In sum, he says the overall MacBook Pro experience doesn’t quite match its price tag.
Score: 7.6 out of 10 (13-inch); 8.2 out of 10 (15-inch)
It was a similar story over at The Verge, where reviewer Jacob Kastrenakes tried out Apple’s latest machine. He, too, liked Apple’s decision to reduce the MacBook Pro’s size and make it more portable. He was also impressed with its “wonderfully vibrant screen.” And overall, he says the 15-inch MacBook Pro with Touch Bar can deliver a better experience than the 13-inch model.
However, he noted that the MacBook Pro is overpriced, and he believes the 13-inch version is “underpowered” for what folks are getting. What’s more, the battery life is a little on the disappointing side, and he was displeased with the need for dongles to get the full computing experience. And while he liked the Touch Bar, he acknowledged that it still “needs time to grow” to reach its full potential.
Score: None given
Ars Technica’s Andrew Cunningham was pleased with Apple’s decision to bundle four Thunderbolt ports in the MacBook Pro with Touch Bar, saying that they deliver far more convenience than users might think. He agreed with many others in saying the MacBook Pro’s smaller design is nice, but broke from many other reviewers and believes the computer’s battery life is “good.” He was also pleased to find strong storage performance and called the device’s stereo speakers “non-terrible.”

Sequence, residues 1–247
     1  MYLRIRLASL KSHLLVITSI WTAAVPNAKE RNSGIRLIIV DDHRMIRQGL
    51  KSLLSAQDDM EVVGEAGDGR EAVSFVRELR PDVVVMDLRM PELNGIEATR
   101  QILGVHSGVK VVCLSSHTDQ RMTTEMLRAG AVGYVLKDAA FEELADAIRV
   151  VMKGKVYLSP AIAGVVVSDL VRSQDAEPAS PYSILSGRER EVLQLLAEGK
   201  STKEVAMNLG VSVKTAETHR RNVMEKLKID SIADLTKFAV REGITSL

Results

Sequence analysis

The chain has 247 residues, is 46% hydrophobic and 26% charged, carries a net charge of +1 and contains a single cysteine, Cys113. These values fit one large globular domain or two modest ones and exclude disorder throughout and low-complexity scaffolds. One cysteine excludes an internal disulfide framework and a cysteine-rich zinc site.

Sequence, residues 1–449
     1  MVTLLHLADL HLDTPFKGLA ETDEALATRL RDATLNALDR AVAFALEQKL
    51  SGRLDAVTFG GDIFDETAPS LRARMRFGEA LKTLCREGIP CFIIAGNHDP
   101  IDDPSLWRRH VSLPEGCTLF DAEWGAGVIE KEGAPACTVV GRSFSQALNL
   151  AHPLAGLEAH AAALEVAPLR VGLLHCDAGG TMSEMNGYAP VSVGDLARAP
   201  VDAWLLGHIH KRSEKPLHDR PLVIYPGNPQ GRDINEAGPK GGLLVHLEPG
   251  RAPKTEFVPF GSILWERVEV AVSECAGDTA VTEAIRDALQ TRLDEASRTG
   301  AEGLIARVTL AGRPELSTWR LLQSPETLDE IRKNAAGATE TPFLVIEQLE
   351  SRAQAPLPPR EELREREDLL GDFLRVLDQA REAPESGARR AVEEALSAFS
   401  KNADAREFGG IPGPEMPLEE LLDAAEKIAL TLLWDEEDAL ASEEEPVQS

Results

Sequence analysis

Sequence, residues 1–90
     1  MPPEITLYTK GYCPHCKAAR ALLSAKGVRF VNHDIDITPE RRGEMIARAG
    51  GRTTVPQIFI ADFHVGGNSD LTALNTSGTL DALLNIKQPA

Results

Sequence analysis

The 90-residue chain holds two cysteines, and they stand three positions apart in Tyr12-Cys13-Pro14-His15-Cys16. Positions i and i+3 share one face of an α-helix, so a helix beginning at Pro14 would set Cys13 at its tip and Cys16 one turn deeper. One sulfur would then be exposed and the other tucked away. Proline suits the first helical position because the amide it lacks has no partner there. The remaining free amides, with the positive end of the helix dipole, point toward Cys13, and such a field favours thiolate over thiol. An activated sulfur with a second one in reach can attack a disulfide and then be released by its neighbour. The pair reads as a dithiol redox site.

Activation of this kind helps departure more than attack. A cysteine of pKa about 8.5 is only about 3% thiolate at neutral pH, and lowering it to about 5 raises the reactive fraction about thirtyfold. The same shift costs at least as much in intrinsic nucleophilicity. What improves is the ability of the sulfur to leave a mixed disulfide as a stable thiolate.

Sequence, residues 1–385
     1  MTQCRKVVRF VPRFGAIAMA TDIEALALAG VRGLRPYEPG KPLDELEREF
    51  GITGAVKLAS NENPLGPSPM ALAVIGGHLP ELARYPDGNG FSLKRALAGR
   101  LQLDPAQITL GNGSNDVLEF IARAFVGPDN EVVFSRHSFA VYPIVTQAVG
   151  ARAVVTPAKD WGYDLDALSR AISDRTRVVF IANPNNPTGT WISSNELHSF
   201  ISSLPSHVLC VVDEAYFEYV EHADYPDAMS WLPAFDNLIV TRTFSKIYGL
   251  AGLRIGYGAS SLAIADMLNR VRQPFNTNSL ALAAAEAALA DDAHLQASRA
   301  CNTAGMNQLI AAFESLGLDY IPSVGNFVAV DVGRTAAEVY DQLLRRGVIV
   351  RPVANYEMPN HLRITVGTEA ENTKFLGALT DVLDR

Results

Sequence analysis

However, he found several reasons to dislike the MacBook Pro. Chief among them is the MacBook Pro’s “expensive” price tag. He also called the computer’s need for adapters and dongles “inconvenient” and doesn’t like Apple’s decision to make it so hard to upgrade or repair the MacBook Pro.
Still, Cunningham ended with a parting thought that might make Apple feel a bit better, saying that he likes the MacBook Pro “a lot.”
Score: 8 out of 10